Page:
Two discrete choice experiments conducted early in the Covid-19 vaccination campaign show that people dramatically undervalue the Covid-19 vaccine, relative to benchmarks implied by the value of a statistical life (VSL). Our first experiment found that median willingness to pay (WTP) for initial vaccination is around $50, only 2 percent of the WTP implied by standard VSL calculations. Our second experiment found the median person was willing to accept (WTA) about $200 to delay the second dose, only 32 percent of the WTA implied by standard VSL calculations. While standard economic models imply that vaccines are undervalued because of their large externalities, we interpret the finding that WTP estimates are well below the VSL benchmarks as evidence that internalities play a substantial role. This evidence that people undervalue even the private benefits of vaccination suggests that there may be a role for government beyond conventional efforts to correct externalities.
The 1975 Indian Self-Determination and Educational Assistance Act of 1975 (ISDEAA) aimed to expand self-determination opportunities for indigenous tribes in the United States. Specifically, under Title V tribes can compact with the federal government to receive funding to provide their own services. Beginning in the 1990s, tribal governments have successfully petitioned to compact for health resources. By 2020, ~47% of all tribal healthcare facilities were compacted, including ~36% of hospitals. I add to the literature by providing an empirical estimate of the effect of compacting on mortality outcomes using a stacked difference-in-differences approach and a national dataset. Further, I examine heterogeneity over time using an event study as well as additional heterogeneity by facility type. These results will shed light on the effectiveness of compacting to improve health outcomes and add to the tribal self-governance and local control literatures.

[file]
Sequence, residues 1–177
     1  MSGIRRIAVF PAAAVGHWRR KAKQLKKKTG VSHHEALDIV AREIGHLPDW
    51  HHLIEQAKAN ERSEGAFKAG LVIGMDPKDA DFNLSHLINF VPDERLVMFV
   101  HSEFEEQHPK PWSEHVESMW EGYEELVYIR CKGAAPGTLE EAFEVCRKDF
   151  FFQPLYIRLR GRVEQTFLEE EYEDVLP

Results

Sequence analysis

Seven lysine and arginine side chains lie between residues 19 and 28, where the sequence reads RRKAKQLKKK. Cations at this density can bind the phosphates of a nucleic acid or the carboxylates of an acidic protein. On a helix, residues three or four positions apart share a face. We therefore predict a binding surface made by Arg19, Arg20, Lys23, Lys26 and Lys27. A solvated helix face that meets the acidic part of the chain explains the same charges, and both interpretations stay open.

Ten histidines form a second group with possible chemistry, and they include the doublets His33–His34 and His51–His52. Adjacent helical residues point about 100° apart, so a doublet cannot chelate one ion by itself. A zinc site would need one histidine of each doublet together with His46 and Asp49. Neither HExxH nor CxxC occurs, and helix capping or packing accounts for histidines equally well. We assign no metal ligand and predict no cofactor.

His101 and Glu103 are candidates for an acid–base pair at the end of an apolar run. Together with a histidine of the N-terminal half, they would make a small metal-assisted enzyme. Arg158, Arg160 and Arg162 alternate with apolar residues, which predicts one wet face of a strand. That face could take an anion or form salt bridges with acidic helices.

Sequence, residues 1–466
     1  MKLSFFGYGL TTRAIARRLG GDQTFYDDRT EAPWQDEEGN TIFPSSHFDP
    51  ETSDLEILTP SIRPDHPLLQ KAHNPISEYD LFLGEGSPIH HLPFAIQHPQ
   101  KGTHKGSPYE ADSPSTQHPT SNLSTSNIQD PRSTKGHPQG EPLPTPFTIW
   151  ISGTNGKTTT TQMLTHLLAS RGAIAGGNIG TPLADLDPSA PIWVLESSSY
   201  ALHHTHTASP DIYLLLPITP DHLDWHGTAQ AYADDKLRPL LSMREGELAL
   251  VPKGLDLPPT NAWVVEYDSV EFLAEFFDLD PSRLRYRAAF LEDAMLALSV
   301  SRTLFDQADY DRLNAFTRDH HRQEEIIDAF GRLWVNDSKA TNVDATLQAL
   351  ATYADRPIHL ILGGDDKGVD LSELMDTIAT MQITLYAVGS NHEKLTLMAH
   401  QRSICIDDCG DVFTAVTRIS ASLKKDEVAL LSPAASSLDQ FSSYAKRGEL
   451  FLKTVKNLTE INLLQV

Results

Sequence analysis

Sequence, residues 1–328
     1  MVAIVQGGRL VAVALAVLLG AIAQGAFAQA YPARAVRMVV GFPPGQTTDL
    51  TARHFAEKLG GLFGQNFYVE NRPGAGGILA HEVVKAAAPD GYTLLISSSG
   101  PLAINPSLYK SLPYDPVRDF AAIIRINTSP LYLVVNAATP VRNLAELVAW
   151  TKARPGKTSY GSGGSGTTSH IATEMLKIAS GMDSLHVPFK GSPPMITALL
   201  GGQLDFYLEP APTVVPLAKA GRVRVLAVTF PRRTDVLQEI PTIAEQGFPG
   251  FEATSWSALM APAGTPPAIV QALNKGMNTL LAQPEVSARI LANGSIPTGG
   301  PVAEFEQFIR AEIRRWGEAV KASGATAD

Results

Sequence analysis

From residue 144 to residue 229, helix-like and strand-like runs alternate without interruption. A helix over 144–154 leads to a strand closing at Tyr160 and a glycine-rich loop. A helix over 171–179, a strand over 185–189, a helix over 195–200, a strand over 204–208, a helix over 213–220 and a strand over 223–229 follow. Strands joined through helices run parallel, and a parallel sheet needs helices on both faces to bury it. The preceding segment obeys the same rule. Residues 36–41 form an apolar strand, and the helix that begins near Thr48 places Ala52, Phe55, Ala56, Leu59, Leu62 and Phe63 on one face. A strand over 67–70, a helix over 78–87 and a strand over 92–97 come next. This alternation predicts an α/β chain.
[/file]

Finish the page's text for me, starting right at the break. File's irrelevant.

In the early phases of the COVID-19 epidemic labor markets exhibited considerable churn, which we relate to three primary findings. First, reopening policies generated asymmetrically large increases in reemployment of those out of work, compared to modest decreases in job loss among those employed. Second, most people who were reemployed appear to have returned to their previous employers, but the rate of reemployment decreases with time since job loss. Lastly, the groups that had the highest unemployment rates in April also tended to have the lowest reemployment rates, potentially making churn harmful to people and groups with more and/or longer job losses. Taken together, these estimates suggest that employment relationships are durable in the short run, but raise concerns that employment gains requiring new employment matches may not be as rapid and may be particularly slow for hard-hit groups including Hispanic and Black workers, youngest and oldest workers, and women.
Instructor: Fall 2023
Instructor: Spring 2021, Fall 2021, Spring 2022
Lab Instructor: Fall 2020, 2021
Lab Instructor: Spring 2020, 2021, 2022